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Do you or someone you Love Suffer from an Eating Disorder?

Eating Disorders are serious illnesses in which people experience severe disturbances in their eating behaviors, related thoughts, social situations, self-image, and emotion, becoming an unhealthy preoccupation.  A dangerous preoccupation with food and body weight.  These disorders can be difficult for family and friends to spot as the individual may go to great lengths to hide it.  Many people whom suffer from this disorder are actually unaware themselves that they have a problem. Eating disorders interfere with a persons day to day life, in no way is it a cry for attention or simply falling off the diet wagon.

If you or someone you know is experiencing some of the following symptoms, it’s important to seek help immediately.  Since shame and guilt are associated with having an eating disorder, it may be very difficult to detect.  A professional evaluation is keen in these scenarios as it is possible for a person to demonstrate some of these signs and not have an eating disorder and please keep in mind that eating disorders don’t have to be exactly the same as another one. Seek a professional opinion in your specific case.

Symptoms:

  • Constant or repetitive dieting
  • Disappearance of large amounts of food from the kitchen
  • Vomiting or laxative abuse
  • Excessive or compulsive exercise patterns
  • Making lists of “good” or “bad” foods
  • Frequently making excuses to not eat meals
  • Patterns or obsessive rituals around food preparation or eating
  • Changes in food preferences (refusing to eat previously enjoyed foods)
  • Avoidance of all social situations
  • Strong behaviors around planning to eat
  • Preoccupation with body image and appearances; shape and weight
  • Repetitive or obsessive body checking behaviors
  • Eating very slowly
  • Continuous denial of hunger
  • Deceptive behavior such as throwing away food or eating in secret
  • Change in clothes; wearing baggier clothing
  • Rapid and sudden weight loss
  • Fainting, dizziness
  • Fatigue
  • Swollen cheeks, jaws, calluses on knuckles, damaged teeth (signs of frequent vomiting)
  • Loss or disturbance of menstrual periods in a woman
  • Abnormal sensitivity to cold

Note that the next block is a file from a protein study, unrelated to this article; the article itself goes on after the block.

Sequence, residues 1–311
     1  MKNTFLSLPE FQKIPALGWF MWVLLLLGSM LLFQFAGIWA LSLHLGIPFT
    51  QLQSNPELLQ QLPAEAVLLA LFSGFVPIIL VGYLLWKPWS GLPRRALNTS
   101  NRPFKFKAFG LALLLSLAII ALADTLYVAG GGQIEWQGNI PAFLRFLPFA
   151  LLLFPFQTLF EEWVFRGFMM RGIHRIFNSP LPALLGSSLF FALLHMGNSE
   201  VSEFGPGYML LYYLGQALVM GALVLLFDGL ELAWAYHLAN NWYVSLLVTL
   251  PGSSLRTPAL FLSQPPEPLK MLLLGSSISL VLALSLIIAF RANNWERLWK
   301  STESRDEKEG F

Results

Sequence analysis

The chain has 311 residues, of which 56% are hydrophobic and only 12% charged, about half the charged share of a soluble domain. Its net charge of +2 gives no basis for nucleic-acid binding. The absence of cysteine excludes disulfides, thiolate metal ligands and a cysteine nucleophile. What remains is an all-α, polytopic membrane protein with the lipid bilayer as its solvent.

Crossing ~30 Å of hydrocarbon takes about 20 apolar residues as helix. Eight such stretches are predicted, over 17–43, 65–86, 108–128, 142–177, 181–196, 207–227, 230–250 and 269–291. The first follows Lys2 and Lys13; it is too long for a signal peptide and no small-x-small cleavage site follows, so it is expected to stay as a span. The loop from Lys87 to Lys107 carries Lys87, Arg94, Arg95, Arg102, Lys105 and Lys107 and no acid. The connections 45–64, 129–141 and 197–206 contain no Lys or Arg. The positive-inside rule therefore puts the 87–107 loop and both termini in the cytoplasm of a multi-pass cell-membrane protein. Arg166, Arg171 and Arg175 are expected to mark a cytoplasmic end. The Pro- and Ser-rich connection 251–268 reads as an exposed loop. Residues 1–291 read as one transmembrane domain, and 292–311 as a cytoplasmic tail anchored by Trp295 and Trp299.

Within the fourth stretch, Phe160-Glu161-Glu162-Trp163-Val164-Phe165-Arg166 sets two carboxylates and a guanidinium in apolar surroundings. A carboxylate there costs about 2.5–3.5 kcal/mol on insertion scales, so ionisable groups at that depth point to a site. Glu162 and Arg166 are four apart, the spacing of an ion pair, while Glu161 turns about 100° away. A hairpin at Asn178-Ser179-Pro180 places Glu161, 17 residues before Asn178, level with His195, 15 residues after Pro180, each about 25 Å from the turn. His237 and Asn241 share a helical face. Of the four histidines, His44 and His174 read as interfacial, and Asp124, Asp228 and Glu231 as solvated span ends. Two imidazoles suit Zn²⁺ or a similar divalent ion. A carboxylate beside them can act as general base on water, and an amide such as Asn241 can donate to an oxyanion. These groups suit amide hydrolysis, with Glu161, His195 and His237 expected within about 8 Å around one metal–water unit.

• Distorted body image
  • Heightened sensitivity to critics or comments about their body weight, shape, habits
  • Heightened anxiety around mealtime
  • Anxiety and Depression
  • Irritability or Moodiness
  • Low Self-Esteban
  • Feeling out of control over their own life and around food

The following are the main types of Eating Disorders:

Anorexia Nervosa – Low body weight, food restriction, unhealthy fear of gaining weight or strong desire to be thin.  Individuals may weigh themselves frequently because they may see themselves as overweight. Because of this they only eat small amounts of food and/or only certain kinds of foods.  Some will use vomiting and abuse laxatives to reach their “normal weight”. Anorexia can result in unhealthy, often dangerous weight loss and a distorted body image.

Bulimia – Binge and Purging. Bulimia Nervosa is an eating disorder where a person develops an obsessive and harmful attitude with food and their body weight. People with Bulimia trap themselves in a cycle of binge eating and then purging. More than often individuals will go to great lengths to hide their condition from family and friends. Not only can bulimia cause serious complications to a person’s mental health but also their physical health. Because of the purging of stomach acid, this can damage the thorax and teeth. Purging can come in different forms from self-induced vomiting, taking laxatives, or exercising obsessively as a way to counteract “weight gain”.

Binge Eating – Eating compulsively. Binge eating varies from Bulimia as the individuals do not purge. This disorder involves eating a lot of food in a short amount of time, eating until they are uncomfortably full, eating when not physically hungry, and feeling depressed afterward. More food is eaten than normal and the individual may feel out of control about how much they eat. The individual may have a history of weight gains and losses. Binge Eating can also cause serious complications to a person’s mental health. The physical dangers include high cholesterol, high blood pressure, diabetes, gallbladder disease, etc..

Therapy can help the sufferer change unhealthy eating habits for healthy ones and normalize their eating patterns to achieve a healthy weight and most importantly, a healthy self-image. It’s very important to get the right support and tools to work on healthy ways to cope with stressful situations and avoiding negative thoughts of self-worth. There are many different approaches and the best treatment depends on the particular eating disorder and the individual.

Our team of Licensed Therapists here at MindShift Psychological Services are here to help! Get in touch and schedule an appointment at 714-584-9700.